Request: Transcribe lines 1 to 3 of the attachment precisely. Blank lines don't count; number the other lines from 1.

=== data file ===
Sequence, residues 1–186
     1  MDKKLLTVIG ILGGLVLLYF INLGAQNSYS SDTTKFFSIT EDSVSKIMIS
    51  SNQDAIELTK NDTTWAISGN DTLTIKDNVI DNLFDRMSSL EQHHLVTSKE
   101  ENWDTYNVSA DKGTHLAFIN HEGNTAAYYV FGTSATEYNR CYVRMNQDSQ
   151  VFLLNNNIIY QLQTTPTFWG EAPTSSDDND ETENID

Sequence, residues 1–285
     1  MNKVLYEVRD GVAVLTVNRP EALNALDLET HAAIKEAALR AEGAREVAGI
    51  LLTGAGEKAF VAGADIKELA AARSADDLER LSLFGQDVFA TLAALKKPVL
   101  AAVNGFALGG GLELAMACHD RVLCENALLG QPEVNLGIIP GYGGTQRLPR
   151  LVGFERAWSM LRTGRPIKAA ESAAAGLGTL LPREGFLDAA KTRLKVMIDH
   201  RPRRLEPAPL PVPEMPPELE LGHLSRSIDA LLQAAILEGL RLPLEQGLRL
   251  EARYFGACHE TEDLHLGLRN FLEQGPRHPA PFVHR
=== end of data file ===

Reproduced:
Sequence, residues 1–186
     1  MDKKLLTVIG ILGGLVLLYF INLGAQNSYS SDTTKFFSIT EDSVSKIMIS
    51  SNQDAIELTK NDTTWAISGN DTLTIKDNVI DNLFDRMSSL EQHHLVTSKE